Swiss Space Systems Introduces Partially Reusable Small Satellite Launcher

Swiss space Systems

Swiss Space Systems

Swiss Space Systems  (S3),  entered the rapidly growing field of air-launched orbital delivery systems yesterday, with the official unveiling of a three stage architecture aimed at placing up to 250 kg small satellites into space.  The first stage launch platform  is an Airbus A-300 jet aircraft certified for zero-G, parabolic flights. In a departure from other concepts currently under development, most notably Virgin Galactic’s Launcher One, the second stage, an unmanned spaceplane, would be ferried to its launch position on top of the carrier aircraft.  After separation, the reusable spaceplane would rocket to 80 km, at which point the expendable upper stage would be released to carry the payload to orbit.

There are a number of interesting aspects to the venture,  which appears to have significant backing with a budget of 250 million Swiss Francs. ($263 m US).   First, following a typical European model, S3 is a holding company comprised of a number of  industrial interests, notably Dassault, the French aircraft manufacturer  which was the losing bidder in the cancelled Hermes spaceplane project from a number of years ago. Not surprisingly, the design of the spaceplane bears a strong resemblance to Hermes, which S3 cites, along with the American X-38 as reducing the development risk to manageable levels.  Given the history, as well as the relative size and complexity of the spaceplane, it is seems likely that S3 is eying eventual manned suborbital flights, although this possibility is  not addressed in any of the promotional literature.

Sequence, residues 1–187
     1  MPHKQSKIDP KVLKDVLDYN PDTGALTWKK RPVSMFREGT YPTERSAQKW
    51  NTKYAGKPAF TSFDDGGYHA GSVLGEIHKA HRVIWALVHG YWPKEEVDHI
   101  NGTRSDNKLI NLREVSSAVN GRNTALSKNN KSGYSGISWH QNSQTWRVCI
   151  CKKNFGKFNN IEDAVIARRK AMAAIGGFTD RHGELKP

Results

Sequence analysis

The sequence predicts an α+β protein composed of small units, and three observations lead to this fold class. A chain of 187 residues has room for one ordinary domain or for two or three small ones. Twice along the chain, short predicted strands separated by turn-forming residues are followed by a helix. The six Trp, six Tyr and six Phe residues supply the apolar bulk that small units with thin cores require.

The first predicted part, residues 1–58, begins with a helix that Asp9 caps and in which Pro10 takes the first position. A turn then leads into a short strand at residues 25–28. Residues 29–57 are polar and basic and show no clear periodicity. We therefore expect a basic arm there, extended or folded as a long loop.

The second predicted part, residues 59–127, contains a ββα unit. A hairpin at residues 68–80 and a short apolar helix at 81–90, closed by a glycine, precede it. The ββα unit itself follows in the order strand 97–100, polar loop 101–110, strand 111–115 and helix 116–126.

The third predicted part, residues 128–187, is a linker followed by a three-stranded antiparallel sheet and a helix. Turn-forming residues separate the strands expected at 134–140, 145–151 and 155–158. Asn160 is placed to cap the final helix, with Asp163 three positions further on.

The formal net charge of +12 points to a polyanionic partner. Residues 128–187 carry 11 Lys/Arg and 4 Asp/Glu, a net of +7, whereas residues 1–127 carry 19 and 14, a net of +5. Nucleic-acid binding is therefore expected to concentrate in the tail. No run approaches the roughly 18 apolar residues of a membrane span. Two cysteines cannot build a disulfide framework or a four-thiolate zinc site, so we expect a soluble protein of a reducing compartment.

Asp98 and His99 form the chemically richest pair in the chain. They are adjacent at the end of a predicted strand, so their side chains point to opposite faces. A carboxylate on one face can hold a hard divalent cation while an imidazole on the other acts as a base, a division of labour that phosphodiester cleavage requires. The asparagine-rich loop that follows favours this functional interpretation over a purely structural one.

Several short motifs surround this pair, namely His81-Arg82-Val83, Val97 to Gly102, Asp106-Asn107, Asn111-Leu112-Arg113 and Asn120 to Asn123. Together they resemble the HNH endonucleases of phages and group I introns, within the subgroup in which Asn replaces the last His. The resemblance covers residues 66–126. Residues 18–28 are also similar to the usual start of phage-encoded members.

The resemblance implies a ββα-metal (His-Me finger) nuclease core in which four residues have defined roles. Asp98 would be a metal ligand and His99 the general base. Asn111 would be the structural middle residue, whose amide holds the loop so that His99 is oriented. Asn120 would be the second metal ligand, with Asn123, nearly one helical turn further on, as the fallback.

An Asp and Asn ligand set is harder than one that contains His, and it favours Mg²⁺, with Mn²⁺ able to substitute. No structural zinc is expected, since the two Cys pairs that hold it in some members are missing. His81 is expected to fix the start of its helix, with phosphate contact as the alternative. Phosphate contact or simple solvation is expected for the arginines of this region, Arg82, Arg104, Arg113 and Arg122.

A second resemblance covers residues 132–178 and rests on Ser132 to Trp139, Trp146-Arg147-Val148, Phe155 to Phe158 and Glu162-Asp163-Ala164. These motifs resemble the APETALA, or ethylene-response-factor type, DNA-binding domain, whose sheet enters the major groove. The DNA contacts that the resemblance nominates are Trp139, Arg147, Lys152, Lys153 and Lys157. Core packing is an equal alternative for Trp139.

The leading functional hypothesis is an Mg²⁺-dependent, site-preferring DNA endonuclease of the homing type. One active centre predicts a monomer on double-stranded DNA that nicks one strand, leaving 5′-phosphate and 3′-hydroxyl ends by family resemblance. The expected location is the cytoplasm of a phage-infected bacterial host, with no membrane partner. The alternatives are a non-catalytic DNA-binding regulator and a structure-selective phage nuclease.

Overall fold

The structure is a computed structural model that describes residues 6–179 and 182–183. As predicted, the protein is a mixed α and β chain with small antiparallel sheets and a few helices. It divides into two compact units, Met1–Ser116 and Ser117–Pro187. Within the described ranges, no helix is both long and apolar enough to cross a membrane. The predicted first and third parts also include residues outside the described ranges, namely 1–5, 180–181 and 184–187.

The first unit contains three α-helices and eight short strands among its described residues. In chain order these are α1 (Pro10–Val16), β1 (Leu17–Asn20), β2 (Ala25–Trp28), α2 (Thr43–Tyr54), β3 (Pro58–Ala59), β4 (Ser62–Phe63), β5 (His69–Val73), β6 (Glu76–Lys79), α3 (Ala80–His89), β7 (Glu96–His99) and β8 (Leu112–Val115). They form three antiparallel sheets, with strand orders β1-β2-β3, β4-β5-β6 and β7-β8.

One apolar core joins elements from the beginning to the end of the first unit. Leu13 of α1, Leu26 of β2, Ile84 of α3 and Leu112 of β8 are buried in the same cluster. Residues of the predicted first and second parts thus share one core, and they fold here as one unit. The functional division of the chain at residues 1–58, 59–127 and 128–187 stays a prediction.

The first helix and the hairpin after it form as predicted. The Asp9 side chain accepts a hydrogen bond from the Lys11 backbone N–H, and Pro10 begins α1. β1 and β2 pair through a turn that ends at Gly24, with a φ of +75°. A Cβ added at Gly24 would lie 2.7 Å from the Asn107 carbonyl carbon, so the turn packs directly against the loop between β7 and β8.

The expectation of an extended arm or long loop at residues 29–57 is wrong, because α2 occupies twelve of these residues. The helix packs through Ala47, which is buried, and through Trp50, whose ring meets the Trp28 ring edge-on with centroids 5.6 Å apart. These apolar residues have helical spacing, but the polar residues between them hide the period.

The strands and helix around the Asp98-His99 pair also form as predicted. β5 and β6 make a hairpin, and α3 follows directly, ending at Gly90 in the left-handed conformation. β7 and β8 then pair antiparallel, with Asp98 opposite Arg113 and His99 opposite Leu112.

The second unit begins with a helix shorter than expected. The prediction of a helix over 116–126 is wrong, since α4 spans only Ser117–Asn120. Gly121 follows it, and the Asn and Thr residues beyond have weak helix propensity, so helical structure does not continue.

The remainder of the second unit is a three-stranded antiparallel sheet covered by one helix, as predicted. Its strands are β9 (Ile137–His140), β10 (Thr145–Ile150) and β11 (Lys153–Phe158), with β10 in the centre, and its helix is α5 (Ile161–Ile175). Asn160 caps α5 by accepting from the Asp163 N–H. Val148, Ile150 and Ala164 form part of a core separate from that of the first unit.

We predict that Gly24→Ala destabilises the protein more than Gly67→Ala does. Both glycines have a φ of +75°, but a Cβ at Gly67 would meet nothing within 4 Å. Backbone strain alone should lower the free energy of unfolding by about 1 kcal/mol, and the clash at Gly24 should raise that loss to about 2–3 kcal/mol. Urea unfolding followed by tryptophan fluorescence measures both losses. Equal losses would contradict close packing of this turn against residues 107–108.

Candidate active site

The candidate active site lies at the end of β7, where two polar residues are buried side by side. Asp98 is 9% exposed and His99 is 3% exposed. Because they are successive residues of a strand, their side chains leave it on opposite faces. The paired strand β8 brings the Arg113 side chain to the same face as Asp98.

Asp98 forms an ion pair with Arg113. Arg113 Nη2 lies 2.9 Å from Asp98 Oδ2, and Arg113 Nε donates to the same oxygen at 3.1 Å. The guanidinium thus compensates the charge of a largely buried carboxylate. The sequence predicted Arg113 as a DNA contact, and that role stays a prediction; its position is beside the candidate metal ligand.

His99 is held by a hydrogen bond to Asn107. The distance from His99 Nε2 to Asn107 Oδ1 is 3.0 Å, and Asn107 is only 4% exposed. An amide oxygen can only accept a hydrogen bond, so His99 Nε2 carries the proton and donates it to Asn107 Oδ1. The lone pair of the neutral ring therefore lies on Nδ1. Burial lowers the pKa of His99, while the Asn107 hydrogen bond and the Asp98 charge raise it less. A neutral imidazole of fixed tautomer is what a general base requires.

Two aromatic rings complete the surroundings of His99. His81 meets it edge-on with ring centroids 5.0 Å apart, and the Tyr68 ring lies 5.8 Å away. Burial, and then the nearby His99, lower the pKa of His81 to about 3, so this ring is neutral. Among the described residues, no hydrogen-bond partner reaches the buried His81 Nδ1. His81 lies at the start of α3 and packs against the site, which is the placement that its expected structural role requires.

And then there is the price.  The estimated launch price, $10 million, almost $20,000 per pound, while a good bit less than that offered by Orbital Sciences and the Pegasus, which has climbed to absurd levels, is still quite high when measured on that basis. It is however, right on target with the numbers suggested for Launcher One.  The question then, is how much room there is in the intended national and  institutional markets for this capacity.

SpaceWorks  recently released a study showing an exploding market for  nano/micro satellites ranging between 1 and 50 KG,  which suggests that best opportunity for providers such as S3 may be in aggregating launches of smaller satellites in this category, as opposed to larger, dedicated missions.

On the other hand, the S3 venture is not merely European, with both Malaysia and Morocco intending to operate spaceports to host the launch system,  which is planning to begin operations from a new spaceport in Payerne, Switzerland with the first test flights in 2017.  “Regional” spaceports, as well as the overall Swiss reputation for neutrality, might prove an advantage in securing business from smaller national governments wanting to advance their own domestic, scientific and technical capabilities, and who are easily capable of booking dedicated launches for this purpose.

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